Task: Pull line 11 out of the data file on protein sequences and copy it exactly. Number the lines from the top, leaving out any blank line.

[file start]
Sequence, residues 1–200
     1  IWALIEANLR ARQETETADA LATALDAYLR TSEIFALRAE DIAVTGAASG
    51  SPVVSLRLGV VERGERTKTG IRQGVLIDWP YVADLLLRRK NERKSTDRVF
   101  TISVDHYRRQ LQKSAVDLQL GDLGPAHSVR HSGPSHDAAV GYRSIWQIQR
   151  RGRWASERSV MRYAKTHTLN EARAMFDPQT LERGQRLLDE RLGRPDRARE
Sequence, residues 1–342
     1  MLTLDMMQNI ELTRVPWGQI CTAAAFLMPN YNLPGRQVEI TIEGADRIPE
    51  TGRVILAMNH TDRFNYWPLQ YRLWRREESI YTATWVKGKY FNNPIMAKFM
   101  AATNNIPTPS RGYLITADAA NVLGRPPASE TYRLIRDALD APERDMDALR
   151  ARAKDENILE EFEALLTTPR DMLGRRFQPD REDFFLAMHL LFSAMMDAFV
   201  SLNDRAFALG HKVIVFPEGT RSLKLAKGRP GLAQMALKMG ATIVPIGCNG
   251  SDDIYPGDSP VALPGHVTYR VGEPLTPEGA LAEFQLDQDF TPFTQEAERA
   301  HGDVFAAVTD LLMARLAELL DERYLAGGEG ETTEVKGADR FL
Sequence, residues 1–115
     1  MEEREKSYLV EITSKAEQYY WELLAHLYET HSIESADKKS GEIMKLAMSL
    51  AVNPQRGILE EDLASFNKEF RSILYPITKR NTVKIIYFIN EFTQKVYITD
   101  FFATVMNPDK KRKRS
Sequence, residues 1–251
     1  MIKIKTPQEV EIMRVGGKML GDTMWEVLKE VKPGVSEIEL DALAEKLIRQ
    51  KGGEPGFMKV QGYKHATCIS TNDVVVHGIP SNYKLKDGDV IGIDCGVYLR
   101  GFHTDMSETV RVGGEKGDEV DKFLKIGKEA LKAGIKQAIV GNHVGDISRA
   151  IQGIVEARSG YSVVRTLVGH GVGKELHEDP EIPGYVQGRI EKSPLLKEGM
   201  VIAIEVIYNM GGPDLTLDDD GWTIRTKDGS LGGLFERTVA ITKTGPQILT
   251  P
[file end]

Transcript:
   201  SLNDRAFALG HKVIVFPEGT RSLKLAKGRP GLAQMALKMG ATIVPIGCNG